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If you're in the job market right now, it's always exciting and satisfying to be invited by a potential employer to participate in a second interview.
You have another opportunity to shine and show why you’re the right person for the role — out of what may be a crowded field of very qualified candidates.
"The first interview is a way for employers to make sure a candidate can do the job," Julia Lyons-Ryle, a human resources performance specialist with Insperity, based in Austin, Texas, told FOX Business.
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"The second interview is primarily about the employer determining if the candidate is a good cultural fit," she also said.
The second interview is a time to really shine in front of potential colleagues and direct reports, said a Texas-based HR performance specialist. (iStock / iStock)
Here is more insight on this important career topic.
Are you a good ‘cultural fit’?
"A company’s culture is something that should be protected," Lyons-Ryle continued.
"Finding the right people to boost business and meld well with the company/team culture is paramount," she also said.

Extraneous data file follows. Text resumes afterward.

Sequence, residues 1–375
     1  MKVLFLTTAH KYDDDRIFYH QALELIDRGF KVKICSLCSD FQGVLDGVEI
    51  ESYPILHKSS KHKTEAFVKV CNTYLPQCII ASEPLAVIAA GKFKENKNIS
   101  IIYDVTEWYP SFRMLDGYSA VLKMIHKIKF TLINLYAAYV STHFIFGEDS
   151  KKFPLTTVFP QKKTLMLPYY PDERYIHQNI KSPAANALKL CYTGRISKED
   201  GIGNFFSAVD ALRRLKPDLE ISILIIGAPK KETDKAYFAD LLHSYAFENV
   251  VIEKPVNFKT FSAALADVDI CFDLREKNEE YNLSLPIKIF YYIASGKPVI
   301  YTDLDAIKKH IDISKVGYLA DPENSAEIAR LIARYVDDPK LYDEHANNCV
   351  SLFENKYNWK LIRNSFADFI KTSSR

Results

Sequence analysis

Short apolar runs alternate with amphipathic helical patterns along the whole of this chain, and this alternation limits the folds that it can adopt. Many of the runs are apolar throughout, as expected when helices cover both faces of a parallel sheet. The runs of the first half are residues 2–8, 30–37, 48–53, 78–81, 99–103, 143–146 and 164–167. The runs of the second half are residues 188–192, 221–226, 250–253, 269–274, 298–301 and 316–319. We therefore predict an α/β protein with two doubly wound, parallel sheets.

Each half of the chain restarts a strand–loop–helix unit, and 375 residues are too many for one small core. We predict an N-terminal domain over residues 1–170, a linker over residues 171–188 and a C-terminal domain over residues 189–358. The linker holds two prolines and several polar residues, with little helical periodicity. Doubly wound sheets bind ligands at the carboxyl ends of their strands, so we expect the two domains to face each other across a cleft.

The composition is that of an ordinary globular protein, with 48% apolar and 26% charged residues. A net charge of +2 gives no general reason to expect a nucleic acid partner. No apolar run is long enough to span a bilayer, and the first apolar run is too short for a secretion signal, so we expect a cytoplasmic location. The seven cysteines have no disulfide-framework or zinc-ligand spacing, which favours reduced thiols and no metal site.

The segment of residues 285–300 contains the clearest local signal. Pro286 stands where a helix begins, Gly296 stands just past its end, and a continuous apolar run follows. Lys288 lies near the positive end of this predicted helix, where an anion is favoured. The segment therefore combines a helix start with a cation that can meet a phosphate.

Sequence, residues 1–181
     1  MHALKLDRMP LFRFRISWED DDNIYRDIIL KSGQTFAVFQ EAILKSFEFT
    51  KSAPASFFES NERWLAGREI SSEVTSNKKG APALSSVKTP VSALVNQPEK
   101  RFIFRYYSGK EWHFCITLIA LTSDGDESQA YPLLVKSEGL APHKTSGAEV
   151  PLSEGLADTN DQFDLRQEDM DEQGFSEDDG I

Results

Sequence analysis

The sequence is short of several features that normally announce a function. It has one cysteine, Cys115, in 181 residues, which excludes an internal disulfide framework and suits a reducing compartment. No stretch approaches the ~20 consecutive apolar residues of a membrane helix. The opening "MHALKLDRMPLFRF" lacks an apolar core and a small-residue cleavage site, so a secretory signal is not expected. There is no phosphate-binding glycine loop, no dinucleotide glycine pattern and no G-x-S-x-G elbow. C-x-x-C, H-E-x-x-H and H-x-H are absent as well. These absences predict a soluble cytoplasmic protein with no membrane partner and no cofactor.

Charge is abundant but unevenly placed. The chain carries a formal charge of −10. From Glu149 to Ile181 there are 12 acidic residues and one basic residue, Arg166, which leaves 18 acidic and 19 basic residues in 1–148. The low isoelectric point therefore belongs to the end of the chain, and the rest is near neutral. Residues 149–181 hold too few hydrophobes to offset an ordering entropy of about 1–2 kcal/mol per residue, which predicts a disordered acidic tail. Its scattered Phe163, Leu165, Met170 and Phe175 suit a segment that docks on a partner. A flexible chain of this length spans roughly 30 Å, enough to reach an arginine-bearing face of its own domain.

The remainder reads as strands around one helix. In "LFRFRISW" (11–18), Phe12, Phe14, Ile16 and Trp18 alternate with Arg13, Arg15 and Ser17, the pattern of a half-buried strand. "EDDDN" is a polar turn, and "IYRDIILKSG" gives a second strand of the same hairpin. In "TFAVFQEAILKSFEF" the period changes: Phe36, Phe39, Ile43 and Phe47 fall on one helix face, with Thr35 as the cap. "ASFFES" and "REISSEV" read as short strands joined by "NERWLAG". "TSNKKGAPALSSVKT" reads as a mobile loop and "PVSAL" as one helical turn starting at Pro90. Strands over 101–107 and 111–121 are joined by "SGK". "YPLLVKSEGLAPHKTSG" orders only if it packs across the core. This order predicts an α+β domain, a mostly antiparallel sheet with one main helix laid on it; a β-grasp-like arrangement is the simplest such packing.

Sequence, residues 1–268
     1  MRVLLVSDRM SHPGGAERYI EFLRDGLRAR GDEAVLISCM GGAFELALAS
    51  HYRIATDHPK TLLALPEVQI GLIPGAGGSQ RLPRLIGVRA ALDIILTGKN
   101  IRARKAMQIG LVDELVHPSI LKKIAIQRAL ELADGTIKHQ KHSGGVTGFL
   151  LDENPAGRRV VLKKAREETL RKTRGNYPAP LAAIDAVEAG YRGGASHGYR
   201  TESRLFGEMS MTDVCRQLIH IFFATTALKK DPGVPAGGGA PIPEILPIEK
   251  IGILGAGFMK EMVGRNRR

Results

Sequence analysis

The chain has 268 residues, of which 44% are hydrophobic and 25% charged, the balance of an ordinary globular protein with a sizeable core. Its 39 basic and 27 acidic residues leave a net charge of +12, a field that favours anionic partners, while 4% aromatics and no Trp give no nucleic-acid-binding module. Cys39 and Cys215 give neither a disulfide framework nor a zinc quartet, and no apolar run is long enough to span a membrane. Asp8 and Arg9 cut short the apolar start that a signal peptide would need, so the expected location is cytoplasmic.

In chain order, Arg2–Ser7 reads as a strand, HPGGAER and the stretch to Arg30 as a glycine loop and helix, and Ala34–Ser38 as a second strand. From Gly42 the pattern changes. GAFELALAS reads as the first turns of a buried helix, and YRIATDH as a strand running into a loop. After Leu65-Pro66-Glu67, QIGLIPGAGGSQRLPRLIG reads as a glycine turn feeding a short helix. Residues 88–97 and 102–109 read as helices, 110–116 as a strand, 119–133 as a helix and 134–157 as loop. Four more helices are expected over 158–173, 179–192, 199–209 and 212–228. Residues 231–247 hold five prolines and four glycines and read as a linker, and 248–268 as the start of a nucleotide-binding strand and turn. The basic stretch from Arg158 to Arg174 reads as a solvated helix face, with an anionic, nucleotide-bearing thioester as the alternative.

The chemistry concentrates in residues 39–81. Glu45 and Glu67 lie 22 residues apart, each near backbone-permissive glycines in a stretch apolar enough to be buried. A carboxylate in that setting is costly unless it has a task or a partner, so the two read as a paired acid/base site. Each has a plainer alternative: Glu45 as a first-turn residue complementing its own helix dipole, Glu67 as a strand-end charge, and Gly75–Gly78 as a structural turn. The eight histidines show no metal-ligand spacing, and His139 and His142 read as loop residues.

The second interview is a candidate’s time to leave a lasting impression, since potential colleagues and direct reports will likely take part in the interview process, Lyons-Ryle explained.
“If a candidate does not show their true personality, they may win the job but ultimately may not fit with the team or the company.”
It is important to show your true personality, share your working style and ask potential colleagues about the ideal traits for the job you're seeking, Lyons-Ryle said.
"It’s good to know [your] personal strengths and be prepared to answer questions so that they are highlighted," she said.
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"Being aware of strong suits allows candidates to ask questions about the role that aligns with them," she noted.
Being yourself is always the best strategy as you make your way through the interview process, said a human resources professional based in Austin. (iStock / iStock)
"Insightful questions about the company and team dynamics show curiosity regarding the inner workings of the company, and interest in being a team player."
What follows are some powerful strategies to make sure you stand out during your second interview.
Whether it’s the first or second round of interviewing, being yourself is the best strategy for any interview, Lyons-Ryle stressed.
"Candidates sometimes fail to realize they are interviewing the company just as much as the company is interviewing them," she explained.
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"If a candidate does not show their true personality, they may win the job but ultimately may not fit with the team or the company."
It’s very typical for job candidates to be extremely prepared for initial interviews.
The second interview should be given just as much diligence, hiring experts say.
Come into the second interview knowing what is happening in your industry, now and in the future, said one HR professional. (iStock / iStock)